Lying down: James Kelly gets a handpass away after being tackled to the ground at Etihad Stadium yesterday.

Lying down: James Kelly gets a handpass away after being tackled to the ground at Etihad Stadium yesterday. Photo: Paul Rovere

NORTH MELBOURNE 4.5 9.5 16.8 20.11 (131) GEELONG 1.3 5.8 9.14 16.18 (114)
GOALS - Nth Melb: Edwards 4, Ziebell 4, Bastinac 4, McIntosh 2, Adams 2, Harvey, Harper, Anthony, Thomas. Geelong: Podsiadly 5, Hawkins 4, Motlop 2, Horlin-Smith, Taylor, Duncan, Byrnes, Gillies.
BEST - Nth Melb: Harvey, Wells, Bastinac, Ziebell, Delaney, Firrito. Geelong: Selwood, Bartel, Podsiadly, Kelly, Taylor, Hunt.
INJURIES - Geelong: Mackie (cut lip).
UMPIRES - M Stevic, J Mollison, M Jennings.
CROWD - 29,630,

NORTH Melbourne coach Brad Scott hailed last night's upset win over reigning premier Geelong - coached by his twin brother Chris - as equal to the best in his coaching career.

The 17-point win was the Roos' first over the Cats in almost five years and Brad Scott said the win would give his team belief and impetus.

For Geelong, this was the hangover after the party. On Easter Monday, it had played what will surely be one of the games of the season - a two-point win against Hawthorn at the MCG.

Yesterday, the Cats never really got into the sort of rhythm that has characterised their play during five years of dominance.

Given that this result will be judged as an upset, inevitably the focus will be on Geelong and the effect the six-day break had on its performance, compared with the Kangaroos, whose win over Greater Western Sydney in Hobart last weekend was little more than a training exercise.

But North should take credit for executing a game plan and playing with the intensity and smarts that its coach has demanded.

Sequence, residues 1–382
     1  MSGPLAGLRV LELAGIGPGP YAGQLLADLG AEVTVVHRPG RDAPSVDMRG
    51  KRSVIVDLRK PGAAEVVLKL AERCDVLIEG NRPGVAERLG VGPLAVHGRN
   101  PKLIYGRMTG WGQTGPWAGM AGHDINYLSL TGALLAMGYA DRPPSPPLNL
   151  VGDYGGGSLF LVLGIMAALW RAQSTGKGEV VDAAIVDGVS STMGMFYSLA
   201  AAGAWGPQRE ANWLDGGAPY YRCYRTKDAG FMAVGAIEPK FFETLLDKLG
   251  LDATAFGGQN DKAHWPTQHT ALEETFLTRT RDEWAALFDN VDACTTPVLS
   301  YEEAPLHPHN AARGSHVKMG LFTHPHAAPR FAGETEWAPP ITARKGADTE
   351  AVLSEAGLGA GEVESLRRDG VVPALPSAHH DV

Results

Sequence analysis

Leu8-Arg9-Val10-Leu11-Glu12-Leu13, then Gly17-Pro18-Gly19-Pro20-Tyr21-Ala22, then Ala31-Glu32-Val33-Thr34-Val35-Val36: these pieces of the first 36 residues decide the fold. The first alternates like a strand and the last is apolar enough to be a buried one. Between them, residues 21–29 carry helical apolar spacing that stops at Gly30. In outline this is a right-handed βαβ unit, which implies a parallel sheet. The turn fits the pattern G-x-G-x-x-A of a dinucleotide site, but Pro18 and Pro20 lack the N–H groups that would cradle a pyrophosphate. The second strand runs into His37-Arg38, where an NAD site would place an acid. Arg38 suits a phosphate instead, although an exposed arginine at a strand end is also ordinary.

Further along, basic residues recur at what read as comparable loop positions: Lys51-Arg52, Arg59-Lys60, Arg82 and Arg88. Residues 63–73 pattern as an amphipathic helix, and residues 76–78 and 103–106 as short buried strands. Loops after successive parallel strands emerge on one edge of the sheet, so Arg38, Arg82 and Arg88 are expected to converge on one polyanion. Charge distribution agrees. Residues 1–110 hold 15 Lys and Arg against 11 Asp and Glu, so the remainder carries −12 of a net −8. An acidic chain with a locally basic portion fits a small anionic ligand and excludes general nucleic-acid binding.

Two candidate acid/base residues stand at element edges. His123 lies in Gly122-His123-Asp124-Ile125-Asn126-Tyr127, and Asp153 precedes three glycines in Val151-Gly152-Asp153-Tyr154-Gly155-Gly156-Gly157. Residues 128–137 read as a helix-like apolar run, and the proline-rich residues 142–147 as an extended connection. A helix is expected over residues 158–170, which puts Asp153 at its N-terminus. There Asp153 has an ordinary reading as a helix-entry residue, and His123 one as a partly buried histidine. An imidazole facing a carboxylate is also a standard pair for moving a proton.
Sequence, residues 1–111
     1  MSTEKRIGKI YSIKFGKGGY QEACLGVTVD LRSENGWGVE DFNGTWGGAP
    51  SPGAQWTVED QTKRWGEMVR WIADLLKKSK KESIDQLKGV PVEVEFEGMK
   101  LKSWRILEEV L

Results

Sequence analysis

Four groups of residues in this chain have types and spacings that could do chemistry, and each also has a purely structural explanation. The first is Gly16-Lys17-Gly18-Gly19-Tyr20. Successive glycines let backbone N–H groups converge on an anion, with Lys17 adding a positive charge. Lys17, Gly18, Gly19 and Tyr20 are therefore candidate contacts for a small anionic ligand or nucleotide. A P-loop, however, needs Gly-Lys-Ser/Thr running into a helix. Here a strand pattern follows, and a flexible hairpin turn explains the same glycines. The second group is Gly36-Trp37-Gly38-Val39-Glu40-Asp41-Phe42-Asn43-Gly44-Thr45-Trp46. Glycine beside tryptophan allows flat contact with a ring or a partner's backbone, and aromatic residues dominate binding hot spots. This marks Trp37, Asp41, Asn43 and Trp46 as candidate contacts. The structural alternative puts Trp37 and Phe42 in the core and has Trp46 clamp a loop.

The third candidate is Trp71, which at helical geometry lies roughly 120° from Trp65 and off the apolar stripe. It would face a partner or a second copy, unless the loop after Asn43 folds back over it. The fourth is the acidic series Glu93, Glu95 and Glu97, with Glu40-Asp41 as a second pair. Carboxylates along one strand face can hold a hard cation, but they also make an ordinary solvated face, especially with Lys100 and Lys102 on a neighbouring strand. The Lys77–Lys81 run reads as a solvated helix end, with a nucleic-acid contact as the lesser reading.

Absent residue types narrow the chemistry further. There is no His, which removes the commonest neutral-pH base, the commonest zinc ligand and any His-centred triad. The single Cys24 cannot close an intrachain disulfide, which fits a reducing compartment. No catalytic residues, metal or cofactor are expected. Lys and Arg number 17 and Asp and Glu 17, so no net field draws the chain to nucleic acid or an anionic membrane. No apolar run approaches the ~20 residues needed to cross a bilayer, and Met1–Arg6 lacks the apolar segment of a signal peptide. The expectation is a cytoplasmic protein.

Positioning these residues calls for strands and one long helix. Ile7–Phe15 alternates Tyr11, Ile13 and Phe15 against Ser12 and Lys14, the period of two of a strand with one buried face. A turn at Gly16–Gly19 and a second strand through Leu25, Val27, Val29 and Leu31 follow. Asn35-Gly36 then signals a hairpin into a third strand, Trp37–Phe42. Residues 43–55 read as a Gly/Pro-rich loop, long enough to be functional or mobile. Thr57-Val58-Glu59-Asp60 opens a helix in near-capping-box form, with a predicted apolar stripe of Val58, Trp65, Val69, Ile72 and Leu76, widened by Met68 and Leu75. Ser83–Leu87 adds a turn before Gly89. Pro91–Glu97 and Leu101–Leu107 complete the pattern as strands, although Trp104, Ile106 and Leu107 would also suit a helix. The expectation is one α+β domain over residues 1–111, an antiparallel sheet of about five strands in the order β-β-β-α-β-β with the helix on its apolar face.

Brad Scott thought Geelong's exertions against the Hawks had an effect on the outcome yesterday, while Chris was not prepared to use it as an excuse.

Brad said: "Our players have worked really hard the last couple of years to try to play a certain style. We have been working on what we think is [a plan] capable of sustaining finals-type intensity and pressure. We had a longer break and we were well prepared.

"All this does is show the players what we are capable of when we execute the way we wanted to play. It gives them belief in what we are trying to do. Hopefully we will show that we are able to do it on a consistent basis."

Chris refused to make allowances for a below-par performance from his team, which, in truth, were flattered by the final score.

"I'm happy for you to write it, I'm happy for you to think it," the Cats coach said when asked if the Hawthorn game was a factor. "But don't expect me to agree with it. I think it is a feeble excuse and I'm not going to buy into it.

 "They used the  ball a lot better than we did. Our conversion was poor and, more importantly, our skill level through the middle of the ground was poor.

"We pride ourselves on our skills under pressure and our ability to absorb that [pressure]."
Beaten in the contested possessions in the opening three terms, the Cats hit back  in the last quarter to boot seven goals to North's four.

Brent Harvey, skipper Andrew Swallow and Daniel Wells were dominant for the victors, while  Ryan Bastinac, Aaron Edwards and Jack Ziebell led the scoring with  four goals apiece.

Sam Wright won a special mention for his shutdown role on Geelong star forward Steve Johnson.

Harry Taylor had a huge game for the Cats, keeping Drew Petrie goalless, while Cats forward Tom Hawkins kicked four goals, including three in the final term, after struggling early against North's Luke Delaney.